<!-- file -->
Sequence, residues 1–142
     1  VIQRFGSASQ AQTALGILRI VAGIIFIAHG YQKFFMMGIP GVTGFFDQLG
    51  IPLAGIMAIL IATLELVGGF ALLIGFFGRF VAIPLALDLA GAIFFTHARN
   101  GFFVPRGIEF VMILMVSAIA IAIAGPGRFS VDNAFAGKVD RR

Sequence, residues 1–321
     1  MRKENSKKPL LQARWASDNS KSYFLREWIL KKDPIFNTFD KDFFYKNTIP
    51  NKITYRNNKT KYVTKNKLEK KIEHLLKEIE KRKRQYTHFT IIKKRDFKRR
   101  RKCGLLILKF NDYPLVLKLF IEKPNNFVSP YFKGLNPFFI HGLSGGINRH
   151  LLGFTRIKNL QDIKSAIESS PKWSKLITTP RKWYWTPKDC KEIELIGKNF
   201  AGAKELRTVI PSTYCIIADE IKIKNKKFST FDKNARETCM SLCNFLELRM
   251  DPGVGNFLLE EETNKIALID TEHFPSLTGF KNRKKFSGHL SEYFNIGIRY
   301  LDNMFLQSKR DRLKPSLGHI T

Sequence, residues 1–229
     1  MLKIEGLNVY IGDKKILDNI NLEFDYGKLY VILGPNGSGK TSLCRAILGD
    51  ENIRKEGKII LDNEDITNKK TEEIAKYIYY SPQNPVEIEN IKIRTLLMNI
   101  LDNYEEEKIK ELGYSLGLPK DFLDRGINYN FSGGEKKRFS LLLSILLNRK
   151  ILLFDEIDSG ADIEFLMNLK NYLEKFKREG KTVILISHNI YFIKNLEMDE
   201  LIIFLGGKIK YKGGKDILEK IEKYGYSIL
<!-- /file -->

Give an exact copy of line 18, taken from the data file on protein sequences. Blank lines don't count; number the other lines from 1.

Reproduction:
   201  LIIFLGGKIK YKGGKDILEK IEKYGYSIL